New Hampshire voters had their say Tuesday — or at least a few of them did.
The shameful turnout for deliberative sessions last month in Southern New Hampshire was repeated around much of the region at the polls Tuesday.
In most towns, few people bothered to find 10 minutes in a 12- to 13-hour polling window to cast a ballot for or against operating budgets, new dump trucks, school bonds, and the election of municipal and school officials.
“Pathetic” is how Londonderry town moderator Cindi Rice Conley described the 13 percent turnout in her community.
At least Londonderry topped Derry, where a fractured and ineffective Town Council elicits plenty of complaints, but two open seats attracted a grand total of three candidates. Most residents there didn’t bother to vote. Just 6.3 percent of the town’s 20,108 registered voters made the effort. That means nearly 94 percent of the town’s registered voters didn’t care.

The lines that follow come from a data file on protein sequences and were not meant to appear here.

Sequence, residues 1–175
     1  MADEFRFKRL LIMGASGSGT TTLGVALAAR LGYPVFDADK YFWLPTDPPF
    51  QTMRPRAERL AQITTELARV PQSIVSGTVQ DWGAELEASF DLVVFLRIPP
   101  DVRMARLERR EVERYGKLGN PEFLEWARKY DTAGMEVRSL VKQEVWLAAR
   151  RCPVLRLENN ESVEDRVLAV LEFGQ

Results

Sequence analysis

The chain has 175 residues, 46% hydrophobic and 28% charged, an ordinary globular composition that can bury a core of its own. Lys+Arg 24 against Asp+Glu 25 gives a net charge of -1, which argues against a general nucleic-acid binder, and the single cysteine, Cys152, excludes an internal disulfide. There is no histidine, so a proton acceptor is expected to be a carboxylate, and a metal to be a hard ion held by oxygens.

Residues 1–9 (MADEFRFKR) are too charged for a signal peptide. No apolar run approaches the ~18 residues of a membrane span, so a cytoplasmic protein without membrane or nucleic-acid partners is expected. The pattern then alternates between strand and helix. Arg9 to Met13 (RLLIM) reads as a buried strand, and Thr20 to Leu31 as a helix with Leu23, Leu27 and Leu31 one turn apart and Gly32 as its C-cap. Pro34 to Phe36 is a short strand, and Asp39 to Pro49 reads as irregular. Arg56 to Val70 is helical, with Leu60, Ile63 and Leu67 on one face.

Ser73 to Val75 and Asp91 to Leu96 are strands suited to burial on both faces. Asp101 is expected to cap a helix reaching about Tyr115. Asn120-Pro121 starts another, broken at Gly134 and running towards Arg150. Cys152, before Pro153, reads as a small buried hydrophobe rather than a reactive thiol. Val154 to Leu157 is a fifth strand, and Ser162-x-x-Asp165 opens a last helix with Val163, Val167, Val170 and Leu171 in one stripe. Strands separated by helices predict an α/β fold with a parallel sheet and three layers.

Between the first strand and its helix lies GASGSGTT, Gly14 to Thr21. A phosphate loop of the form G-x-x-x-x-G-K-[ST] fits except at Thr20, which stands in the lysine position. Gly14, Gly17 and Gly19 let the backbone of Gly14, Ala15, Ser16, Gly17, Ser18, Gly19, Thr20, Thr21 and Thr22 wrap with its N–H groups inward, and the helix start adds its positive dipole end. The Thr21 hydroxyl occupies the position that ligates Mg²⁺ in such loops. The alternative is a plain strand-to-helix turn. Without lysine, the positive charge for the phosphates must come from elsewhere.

This is the town where someone lighting a cigarette in a municipal park draws fire from every corner. It’s the same place where road crews have taken a public beating this winter that rivals a drive down the continuous pothole that is Lane Road.
People aren’t afraid to speak their mind in Derry, as long as they can do it from the comfort of the couch or a sneaky texted comment from their cellphone. Ask them to exercise their constitutional right to vote and the excuses pile up faster than discarded campaign signs along Route 102.
While Derry bears the dubious distinction of the worst turnout across the region, some other towns weren’t far behind. Plaistow saw just 17 percent of its voters, Hampstead 27 percent. Gee, where were the school supporters in that community, where both a renovation project for the two local schools and the school budget went down in flames?